Changes in soil carbon occur with changes in land management. Scientists at Oak Ridge National Laboratory and The University of Tennessee investigated quantifying soil carbon changes over large regions.
They integrated remote sensing products with a national carbon accounting framework in a project funded by the U.S. National Aeronautics and Space Administration, Office of Earth Science. Results of the study were published in the March issue of the Soil Science Society of America Journal and were also presented at the NASA Joint Workshop on Biodiversity, Terrestrial Ecology, and Related Applied Sciences in August 2006.
Tris West, project leader, stated, “The use of remote sensing products allows for the identification of soil and environmental attributes that are associated with each unique combination of planted crop and associated management inputs at the sub-county scale.” The 1992 National Land Cover Data, based on Landsat TM remote sensing data, was initially used in the carbon accounting framework. The use of these data allowed for estimated changes in soil carbon flux to be delineated at a 30-meter resolution across four land-use categories: row crops, small grains, pasture/hay, and fallow. The spatially-resolved results can also be used for comparison to other site specific measurements, such as measurements from eddy flux towers and atmospheric transport models, currently being developed under the multi-agency North American Carbon Program.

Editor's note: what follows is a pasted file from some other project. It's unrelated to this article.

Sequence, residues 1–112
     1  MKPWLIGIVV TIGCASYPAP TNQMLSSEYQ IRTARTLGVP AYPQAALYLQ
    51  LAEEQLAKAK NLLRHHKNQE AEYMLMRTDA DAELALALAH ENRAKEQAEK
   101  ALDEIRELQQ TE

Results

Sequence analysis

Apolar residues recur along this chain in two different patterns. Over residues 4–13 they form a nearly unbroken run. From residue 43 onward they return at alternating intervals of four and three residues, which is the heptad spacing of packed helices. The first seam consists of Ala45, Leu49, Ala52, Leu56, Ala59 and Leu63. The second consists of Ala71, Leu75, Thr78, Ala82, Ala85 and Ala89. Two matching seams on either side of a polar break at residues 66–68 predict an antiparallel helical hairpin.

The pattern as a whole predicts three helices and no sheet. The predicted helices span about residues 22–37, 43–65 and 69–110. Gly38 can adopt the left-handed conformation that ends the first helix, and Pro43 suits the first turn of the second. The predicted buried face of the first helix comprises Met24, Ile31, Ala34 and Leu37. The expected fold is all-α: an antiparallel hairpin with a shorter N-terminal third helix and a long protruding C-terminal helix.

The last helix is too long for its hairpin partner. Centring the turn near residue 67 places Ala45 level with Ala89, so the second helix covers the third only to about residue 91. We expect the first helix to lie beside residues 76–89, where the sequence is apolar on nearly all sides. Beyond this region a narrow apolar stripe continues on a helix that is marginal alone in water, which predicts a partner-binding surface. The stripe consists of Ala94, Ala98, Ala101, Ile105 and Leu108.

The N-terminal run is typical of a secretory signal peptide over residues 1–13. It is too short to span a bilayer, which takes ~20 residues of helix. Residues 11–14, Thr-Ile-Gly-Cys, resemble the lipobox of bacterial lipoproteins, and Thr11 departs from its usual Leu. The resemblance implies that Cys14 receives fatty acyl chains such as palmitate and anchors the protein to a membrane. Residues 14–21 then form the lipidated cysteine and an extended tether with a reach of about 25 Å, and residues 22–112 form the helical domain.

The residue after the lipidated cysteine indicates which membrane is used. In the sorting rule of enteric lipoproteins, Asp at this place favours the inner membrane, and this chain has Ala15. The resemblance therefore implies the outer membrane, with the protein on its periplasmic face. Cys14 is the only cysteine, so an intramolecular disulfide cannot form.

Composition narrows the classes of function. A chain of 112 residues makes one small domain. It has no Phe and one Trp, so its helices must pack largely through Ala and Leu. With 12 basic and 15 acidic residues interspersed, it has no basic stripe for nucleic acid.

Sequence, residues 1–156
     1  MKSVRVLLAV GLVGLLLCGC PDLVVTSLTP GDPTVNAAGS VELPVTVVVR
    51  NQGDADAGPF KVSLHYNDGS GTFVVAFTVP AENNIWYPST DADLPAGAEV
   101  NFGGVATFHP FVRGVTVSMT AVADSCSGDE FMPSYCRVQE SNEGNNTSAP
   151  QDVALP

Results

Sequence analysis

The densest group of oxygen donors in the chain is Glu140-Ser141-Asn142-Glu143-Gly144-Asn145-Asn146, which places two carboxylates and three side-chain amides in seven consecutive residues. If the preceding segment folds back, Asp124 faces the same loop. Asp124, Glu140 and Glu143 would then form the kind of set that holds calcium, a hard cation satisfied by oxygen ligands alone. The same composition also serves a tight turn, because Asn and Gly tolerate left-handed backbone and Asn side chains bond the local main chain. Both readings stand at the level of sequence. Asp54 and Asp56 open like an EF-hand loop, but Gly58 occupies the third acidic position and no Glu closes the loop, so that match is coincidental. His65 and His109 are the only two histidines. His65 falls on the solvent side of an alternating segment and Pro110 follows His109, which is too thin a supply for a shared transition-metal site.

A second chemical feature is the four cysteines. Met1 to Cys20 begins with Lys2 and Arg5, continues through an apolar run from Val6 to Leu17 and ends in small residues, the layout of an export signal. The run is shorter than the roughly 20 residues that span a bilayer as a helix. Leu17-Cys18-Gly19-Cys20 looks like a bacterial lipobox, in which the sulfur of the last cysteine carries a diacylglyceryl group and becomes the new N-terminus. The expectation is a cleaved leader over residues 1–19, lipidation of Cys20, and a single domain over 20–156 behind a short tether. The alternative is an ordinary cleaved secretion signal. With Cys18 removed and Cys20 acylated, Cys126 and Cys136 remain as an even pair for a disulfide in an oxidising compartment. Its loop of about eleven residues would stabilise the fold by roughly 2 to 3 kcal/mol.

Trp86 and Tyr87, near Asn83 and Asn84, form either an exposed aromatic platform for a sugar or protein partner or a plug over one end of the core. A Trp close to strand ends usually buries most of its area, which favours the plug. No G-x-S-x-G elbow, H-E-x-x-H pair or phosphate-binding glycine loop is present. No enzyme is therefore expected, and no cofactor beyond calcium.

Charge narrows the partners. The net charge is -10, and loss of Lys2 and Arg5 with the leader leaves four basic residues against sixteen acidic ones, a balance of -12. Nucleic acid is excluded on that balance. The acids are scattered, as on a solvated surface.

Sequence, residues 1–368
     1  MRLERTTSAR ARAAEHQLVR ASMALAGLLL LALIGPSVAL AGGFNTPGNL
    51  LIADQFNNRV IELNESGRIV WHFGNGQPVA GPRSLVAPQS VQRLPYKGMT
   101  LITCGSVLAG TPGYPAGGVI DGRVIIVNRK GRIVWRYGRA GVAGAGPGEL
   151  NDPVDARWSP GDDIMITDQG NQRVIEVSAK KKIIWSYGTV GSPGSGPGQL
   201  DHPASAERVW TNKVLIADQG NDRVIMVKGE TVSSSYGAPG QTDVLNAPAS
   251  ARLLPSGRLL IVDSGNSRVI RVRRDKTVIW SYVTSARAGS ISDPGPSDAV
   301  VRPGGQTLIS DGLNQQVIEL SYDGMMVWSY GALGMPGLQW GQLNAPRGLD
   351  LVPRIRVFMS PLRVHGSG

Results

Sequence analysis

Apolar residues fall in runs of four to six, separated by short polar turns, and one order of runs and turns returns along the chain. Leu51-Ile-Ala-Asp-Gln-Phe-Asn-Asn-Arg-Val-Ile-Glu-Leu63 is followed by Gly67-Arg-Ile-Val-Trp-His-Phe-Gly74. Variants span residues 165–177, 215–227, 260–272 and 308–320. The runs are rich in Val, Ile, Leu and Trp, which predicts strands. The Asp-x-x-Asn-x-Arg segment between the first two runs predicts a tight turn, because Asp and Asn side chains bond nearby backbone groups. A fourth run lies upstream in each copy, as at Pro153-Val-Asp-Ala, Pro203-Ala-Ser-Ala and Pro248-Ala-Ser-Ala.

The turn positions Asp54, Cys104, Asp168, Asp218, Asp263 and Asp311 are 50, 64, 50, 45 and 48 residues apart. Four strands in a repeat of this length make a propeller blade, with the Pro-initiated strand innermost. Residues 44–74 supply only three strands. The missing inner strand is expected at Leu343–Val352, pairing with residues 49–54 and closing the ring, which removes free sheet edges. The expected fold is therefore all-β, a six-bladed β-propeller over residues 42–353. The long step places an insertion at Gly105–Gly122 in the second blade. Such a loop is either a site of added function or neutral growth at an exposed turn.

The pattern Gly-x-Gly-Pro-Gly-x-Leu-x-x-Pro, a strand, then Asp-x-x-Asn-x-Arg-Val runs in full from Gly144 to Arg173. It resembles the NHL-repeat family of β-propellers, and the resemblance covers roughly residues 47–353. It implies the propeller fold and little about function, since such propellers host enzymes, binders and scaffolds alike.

The study resulted in the integration of remote sensing with soil science and agricultural economics, which was used to predict future land use. The study is a proof-of-concept that illustrates the ability to model carbon dynamics associated with actual crop fields for entire regions or continents. The spatially-explicit carbon accounting framework is currently limited by the temporal and spatial extent of current remote sensing products. Future work includes the integration of land-use data sets based on MODIS and the Indian Remote Sensing satellite. Through the integration of inventory data and remote sensing data, the scientists expect to make enhanced land management data sets available to the scientific community in the near future.
The full article is available for no charge for 30 days following the date of this summary. View the abstract at: soil.scijournals.org/cgi/content/full/72/2/285
Source: American Society of Agronomy
Explore further: Geologists make new discoveries about the Newport-Inglewood Fault Zone in the Los Angeles Basin